A-32 Free Communication/Poster – Military Physiology: MAY 30, 2007 7:30 AM - 12:30 PM ROOM: Hall E
The accuracy of sweat prediction models may be affected by the potential for body armor (BA) and spacer-vest (SV) technologies to alter heat strain.
PURPOSE: This study examined the effects of BA and SV technologies on the accuracy of an empirical sweat prediction model (HSDA2004C).
METHODS: Sweat losses were measured in 13 male Soldiers during 3 trials of intermittent treadmill walking (3.5 mph, 2-3% grade) over 4h in a hot, dry environment (35°C, 30% rh, 1m/s wind speed). Clothing configurations for the 3 trials were 1) battledress uniform (BDU), 2) BDU + BA, and 3) BDU + BA + SV. Model inputs included anthropometrics, exercise intensity, clothing and environmental conditions. Exercise intensity was equated in all trials (∼530 W) to eliminate the independent effects of added weight in BA and BA + SV trials. Actual sweat rates and differences in sweat rates (predicted-actual) were assessed by one-way repeated measures ANOVA with Tukey's HSD post-hoc test. The practical importance of the differences between actual and predicted sweating rates was examined by comparing the mean and 95% confidence intervals (CI) for group differences against an evidentiary threshold of ± 0.125 L/h.
RESULTS: The mean measured sweating rates were lower (P<0.05) in BDU (0.670 L/h) than both BA (0.773 L/h) and SV (0.797 L/h) trials. HSDA2004C over-predicted sweating rates for BDU (0.095 L/h, 95%CI = 0.028 - 0.161 L/h), BA (0.201 L/h, 95%CI = 0.092 - 0.310 L/h), and SV (0.131 L/h, 95%CI = 0.029 - 0.233 L/h). All predictions were unacceptable using classical statistical criteria (P<0.05), but none of the 95% CI's for group differences fell entirely outside the practical threshold of importance (± 0.125 L/h). Prediction error of the BA trial was statistically greater (P<0.05) than BDU and SV but differences among trials were small (0.036 - 0.106 L/h).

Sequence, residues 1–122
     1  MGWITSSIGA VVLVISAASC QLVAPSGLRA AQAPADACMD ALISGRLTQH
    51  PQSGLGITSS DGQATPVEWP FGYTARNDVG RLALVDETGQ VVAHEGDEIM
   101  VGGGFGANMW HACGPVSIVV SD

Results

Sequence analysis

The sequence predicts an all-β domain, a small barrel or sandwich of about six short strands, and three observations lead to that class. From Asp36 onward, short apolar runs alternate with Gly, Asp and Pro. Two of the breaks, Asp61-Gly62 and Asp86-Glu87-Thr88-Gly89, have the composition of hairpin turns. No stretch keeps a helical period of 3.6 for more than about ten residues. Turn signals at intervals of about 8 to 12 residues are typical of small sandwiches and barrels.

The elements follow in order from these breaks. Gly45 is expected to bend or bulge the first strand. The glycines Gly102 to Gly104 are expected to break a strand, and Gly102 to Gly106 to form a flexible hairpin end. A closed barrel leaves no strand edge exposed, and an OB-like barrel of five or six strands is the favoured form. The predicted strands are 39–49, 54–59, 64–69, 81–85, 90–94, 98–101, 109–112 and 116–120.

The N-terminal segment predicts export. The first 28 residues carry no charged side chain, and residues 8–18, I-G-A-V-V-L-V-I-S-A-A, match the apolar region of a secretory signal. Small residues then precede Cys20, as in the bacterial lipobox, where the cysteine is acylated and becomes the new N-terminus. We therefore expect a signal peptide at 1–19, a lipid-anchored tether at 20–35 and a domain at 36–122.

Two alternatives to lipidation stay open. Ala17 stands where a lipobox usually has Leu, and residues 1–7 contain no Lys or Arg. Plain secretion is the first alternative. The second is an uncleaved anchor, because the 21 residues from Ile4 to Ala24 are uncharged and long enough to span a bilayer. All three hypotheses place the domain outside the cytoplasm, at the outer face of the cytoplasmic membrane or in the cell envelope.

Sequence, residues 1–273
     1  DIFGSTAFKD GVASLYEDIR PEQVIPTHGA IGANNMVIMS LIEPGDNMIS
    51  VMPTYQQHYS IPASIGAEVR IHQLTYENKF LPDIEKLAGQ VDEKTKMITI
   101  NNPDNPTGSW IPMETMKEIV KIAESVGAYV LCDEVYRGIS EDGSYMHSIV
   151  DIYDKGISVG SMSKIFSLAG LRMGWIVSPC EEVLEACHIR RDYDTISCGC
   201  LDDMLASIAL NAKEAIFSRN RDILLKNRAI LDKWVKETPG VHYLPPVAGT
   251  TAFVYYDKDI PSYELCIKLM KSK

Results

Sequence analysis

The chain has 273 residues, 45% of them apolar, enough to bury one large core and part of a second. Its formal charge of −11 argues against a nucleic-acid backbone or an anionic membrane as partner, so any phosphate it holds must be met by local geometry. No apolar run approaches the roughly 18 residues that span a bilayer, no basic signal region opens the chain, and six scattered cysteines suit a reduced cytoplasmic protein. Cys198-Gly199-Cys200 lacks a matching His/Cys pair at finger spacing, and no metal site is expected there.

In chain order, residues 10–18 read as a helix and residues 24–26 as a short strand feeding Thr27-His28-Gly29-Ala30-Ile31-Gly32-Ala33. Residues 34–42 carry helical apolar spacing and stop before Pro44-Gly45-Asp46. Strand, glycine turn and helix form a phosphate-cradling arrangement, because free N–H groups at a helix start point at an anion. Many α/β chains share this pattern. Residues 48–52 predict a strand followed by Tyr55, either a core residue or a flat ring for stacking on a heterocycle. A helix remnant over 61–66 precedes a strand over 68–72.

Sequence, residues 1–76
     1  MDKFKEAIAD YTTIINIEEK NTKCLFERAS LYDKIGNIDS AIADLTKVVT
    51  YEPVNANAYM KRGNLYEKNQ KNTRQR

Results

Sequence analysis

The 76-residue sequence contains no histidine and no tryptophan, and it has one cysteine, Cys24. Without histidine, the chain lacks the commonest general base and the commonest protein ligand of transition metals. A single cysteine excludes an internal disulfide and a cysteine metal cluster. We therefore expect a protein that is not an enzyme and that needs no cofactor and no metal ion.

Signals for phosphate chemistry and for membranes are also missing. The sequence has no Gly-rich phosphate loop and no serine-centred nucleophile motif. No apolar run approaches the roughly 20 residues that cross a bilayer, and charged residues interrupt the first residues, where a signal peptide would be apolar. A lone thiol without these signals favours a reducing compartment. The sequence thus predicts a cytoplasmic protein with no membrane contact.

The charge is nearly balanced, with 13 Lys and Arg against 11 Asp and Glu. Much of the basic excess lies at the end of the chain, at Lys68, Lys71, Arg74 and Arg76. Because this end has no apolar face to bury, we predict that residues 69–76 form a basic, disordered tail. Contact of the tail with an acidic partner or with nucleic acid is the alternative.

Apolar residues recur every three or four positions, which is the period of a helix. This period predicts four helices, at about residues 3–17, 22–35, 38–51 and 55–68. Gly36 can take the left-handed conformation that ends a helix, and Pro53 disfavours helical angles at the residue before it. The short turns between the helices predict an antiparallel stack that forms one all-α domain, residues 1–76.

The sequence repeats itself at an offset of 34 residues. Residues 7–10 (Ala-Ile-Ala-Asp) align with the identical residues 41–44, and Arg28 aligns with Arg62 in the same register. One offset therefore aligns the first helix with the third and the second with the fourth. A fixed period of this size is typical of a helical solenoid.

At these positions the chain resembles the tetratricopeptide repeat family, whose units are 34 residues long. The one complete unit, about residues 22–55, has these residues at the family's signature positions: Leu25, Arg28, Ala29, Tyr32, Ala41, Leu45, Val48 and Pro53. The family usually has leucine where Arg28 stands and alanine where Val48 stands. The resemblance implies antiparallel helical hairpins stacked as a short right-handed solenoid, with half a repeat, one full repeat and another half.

CONCLUSION: These results indicate that HSDA2004C significantly over-predicts sweating rates for all clothing configurations (P<0.05), but the magnitude of the error (< 0.125 L/h) is of little practical consequence. Differences among BDU, BA, and SV prediction errors were also small. These results suggest that the clothing properties of BA and SV do not substantially alter the ability of existing models to accurately predict Soldier sweat losses.